Low C-reactive protein values at admission predict mortality in patients with severe community-acquired pneumonia caused by Streptococcus pneumoniae that require intensive care management.

Details

Serval ID
serval:BIB_237BD48AFB69
Type
Article: article from journal or magazin.
Collection
Publications
Title
Low C-reactive protein values at admission predict mortality in patients with severe community-acquired pneumonia caused by Streptococcus pneumoniae that require intensive care management.
Journal
Infection
Author(s)
Que Y.A., Virgini V., Lozeron E.D., Paratte G., Prod'hom G., Revelly J.P., Pagani J.L., Charbonney E., Eggimann P.
ISSN
1439-0973 (Electronic)
ISSN-L
0300-8126
Publication state
Published
Issued date
2015
Peer-reviewed
Oui
Volume
43
Number
2
Pages
193-199
Language
english
Notes
Publication types: Journal Article Publication Status: ppublish
Abstract
PURPOSE: To identify risk factors associated with mortality in patients with severe community-acquired pneumonia (CAP) caused by S. pneumoniae who require intensive care unit (ICU) management, and to assess the prognostic values of these risk factors at the time of admission.
METHODS: Retrospective analysis of all consecutive patients with CAP caused by S. pneumoniae who were admitted to the 32-bed medico-surgical ICU of a community and referral university hospital between 2002 and 2011. Univariate and multivariate analyses were performed on variables available at admission.
RESULTS: Among the 77 adult patients with severe CAP caused by S. pneumoniae who required ICU management, 12 patients died (observed mortality rate 15.6 %). Univariate analysis indicated that septic shock and low C-reactive protein (CRP) values at admission were associated with an increased risk of death. In a multivariate model, after adjustment for age and gender, septic shock [odds ratio (OR), confidence interval 95 %; 4.96, 1.11-22.25; p = 0.036], and CRP (OR 0.99, 0.98-0.99 p = 0.034) remained significantly associated with death. Finally, we assessed the discriminative ability of CRP to predict mortality by computing its receiver operating characteristic curve. The CRP value cut-off for the best sensitivity and specificity was 169.5 mg/L to predict hospital mortality with an area under the curve of 0.72 (0.55-0.89).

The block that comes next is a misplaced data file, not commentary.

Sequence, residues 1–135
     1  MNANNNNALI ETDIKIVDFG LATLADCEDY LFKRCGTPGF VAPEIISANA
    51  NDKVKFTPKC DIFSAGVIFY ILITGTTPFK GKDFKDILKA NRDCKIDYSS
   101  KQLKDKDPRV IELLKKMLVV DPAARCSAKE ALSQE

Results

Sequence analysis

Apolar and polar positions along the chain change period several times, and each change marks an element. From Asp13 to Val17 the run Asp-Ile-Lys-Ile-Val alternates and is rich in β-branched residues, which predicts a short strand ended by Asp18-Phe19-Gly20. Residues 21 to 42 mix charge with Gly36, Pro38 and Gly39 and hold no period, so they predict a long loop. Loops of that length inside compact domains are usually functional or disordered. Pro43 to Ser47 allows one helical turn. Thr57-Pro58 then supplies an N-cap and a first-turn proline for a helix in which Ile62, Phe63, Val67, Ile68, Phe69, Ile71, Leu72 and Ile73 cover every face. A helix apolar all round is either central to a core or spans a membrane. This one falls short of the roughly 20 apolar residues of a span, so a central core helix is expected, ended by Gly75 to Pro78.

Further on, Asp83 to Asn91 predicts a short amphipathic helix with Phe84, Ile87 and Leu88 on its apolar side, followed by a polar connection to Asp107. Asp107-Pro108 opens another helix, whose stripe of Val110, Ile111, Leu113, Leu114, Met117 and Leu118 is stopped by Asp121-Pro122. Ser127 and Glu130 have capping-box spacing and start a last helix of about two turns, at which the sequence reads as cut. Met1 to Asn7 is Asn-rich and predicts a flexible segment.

CONCLUSIONS: The mortality of patients with S. pneumoniae CAP requiring ICU management was much lower than predicted by severity scores. The presence of septic shock and a CRP value at admission <169.5 mg/L predicted a fatal outcome.
Pubmed
Web of science
Create date
01/05/2015 17:50
Last modification date
03/03/2018 14:54
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